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Reviewed by Wilson Morales
Have you ever experienced “the day from hell”? A day that starts off miserable and stays that way all day until it drives you to do things unimaginable. Try blaming the cause of your pain on one person and exacting revenge to alleviate the headache/heartache. In “Changing Lanes”, the characters played by Ben Affleck and Samuel L. Jackson do a convincing job of trying to destroy one another that in the end their morality is questioned. If marketed properly, this small melodrama may stay the distance if others don’t brush it off as a “cat and mouse game”.
As the day begins, insuranceman Doyle Gipson (Jackson) is ready to buy a house for his two young boys. He has a look of nervousness as he has no idea how bad his day will be. Leaving his law firm, attorney Gavin Banek (Affleck) is prepared to go to court to close the deal on a trust and estate case. His bosses, who include his father-in-law, await his return. Before you know it, while on the highway, both men collide with their cars. A fender-bender leaves Doyle without a vehicle to drive, and Gavin has no time to over the particulars of exchanging information (i.e. insurance, name, etc). He says to Doyle, “Better luck next time”. Doyle was also on his way to court. He has a custody hearing with his estranged wife Valerie (Gipson), who suing for sole custody of the boys and the right to move away. Doyle is a recovering alcoholic. As Gavin drives away, he leaves behind a vital piece of file important to his case. By the time Doyle arrives late to court, the judge has made his decision and it’s not good for Doyle. As for Gavin, his case takes a turn for the worse as his missing papers could signal the end of his career. Feeling empty and blaming the other, both men go after each other that brings them to a level of self -destruction that also affects those around them. One is struggling not to hit rock bottom again and go back to the bottle, while the other faces the loss of income, freedom, and self-respect. Being right and justified is no longer an issue; facing one’s own demons comes to play.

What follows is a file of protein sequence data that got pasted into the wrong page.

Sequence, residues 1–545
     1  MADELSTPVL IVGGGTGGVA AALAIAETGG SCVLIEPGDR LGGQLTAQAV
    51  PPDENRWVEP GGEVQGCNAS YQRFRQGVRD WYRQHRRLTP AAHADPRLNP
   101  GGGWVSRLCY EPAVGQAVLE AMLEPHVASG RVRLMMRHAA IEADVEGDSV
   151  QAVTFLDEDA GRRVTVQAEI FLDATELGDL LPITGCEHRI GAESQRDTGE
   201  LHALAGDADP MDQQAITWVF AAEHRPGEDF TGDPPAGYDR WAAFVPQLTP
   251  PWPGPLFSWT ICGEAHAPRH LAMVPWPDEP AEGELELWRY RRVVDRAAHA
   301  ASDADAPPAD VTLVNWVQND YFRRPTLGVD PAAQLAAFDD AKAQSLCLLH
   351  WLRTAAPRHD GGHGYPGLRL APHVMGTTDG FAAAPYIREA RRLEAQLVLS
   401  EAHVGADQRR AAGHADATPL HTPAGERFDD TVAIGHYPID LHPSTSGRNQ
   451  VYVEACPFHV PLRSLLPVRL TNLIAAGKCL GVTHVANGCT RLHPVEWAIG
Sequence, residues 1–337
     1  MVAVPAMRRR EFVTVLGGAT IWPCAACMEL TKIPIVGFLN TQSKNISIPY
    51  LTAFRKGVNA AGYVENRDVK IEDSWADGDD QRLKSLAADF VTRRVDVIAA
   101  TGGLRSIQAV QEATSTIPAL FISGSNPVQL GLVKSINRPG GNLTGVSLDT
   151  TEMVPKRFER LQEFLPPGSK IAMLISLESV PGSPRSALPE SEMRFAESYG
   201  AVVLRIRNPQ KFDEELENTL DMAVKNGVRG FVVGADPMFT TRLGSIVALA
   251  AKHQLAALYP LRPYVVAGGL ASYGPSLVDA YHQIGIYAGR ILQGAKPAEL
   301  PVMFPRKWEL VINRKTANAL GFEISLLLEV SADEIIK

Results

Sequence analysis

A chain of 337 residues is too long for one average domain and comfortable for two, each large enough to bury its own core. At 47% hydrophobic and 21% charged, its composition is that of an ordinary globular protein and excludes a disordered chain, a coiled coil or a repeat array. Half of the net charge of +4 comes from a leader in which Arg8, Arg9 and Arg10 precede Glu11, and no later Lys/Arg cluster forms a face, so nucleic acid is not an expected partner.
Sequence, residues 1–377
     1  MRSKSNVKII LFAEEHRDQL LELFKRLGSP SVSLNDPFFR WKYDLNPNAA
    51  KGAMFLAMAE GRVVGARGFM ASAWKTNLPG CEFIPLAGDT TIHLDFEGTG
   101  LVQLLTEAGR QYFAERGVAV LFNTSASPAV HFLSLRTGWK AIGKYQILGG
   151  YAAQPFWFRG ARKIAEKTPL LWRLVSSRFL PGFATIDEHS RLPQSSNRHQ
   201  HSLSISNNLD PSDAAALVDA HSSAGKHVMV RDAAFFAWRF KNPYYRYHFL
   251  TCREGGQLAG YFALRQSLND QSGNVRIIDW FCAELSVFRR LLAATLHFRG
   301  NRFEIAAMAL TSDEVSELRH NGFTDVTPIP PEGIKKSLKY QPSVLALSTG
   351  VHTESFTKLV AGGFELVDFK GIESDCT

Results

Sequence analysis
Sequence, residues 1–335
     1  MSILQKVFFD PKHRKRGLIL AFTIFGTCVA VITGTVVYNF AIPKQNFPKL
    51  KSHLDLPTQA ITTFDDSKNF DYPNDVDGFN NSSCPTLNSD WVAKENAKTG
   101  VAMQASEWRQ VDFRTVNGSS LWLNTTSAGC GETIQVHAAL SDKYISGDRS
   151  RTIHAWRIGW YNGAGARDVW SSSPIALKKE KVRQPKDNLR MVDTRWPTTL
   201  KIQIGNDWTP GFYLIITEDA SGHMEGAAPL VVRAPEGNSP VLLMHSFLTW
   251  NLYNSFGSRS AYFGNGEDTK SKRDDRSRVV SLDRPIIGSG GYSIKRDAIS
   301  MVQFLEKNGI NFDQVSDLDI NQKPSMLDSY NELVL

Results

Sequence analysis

“Changing Lanes” offers a new spin on right and wrong issues, as morality becomes the center of attention. Both men are presented with a justified reason for their actions, although violent to some extremes. In a case of rich man, poor man, neither wants to lose what they have. The writing presents both men to be smart but making poor decisions. Both Affleck and Jackson give memorable performances. The film is highly entertaining, if not logically and credible considering the positions both men hold. Imagining a lawyer leaving the scene of his own car crash against an insuranceman whom won’t file a report. Director Roger Michell makes his American debut with a story some people can probably relate to when they have to blame someone for the bad day they’re having. How far we would go to get revenge is probably left in our dreams, or in the movies.
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